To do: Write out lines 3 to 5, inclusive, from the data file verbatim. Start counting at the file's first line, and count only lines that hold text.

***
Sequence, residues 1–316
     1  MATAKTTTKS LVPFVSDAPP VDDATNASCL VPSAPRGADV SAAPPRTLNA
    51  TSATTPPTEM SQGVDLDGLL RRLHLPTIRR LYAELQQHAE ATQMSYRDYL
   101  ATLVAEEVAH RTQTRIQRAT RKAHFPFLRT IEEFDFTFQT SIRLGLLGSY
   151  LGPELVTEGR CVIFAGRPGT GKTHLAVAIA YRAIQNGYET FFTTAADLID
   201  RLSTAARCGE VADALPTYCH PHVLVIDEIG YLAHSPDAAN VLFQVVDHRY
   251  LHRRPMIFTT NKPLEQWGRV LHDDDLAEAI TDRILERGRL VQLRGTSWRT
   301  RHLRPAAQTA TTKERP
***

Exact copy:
    51  TSATTPPTEM SQGVDLDGLL RRLHLPTIRR LYAELQQHAE ATQMSYRDYL
   101  ATLVAEEVAH RTQTRIQRAT RKAHFPFLRT IEEFDFTFQT SIRLGLLGSY
   151  LGPELVTEGR CVIFAGRPGT GKTHLAVAIA YRAIQNGYET FFTTAADLID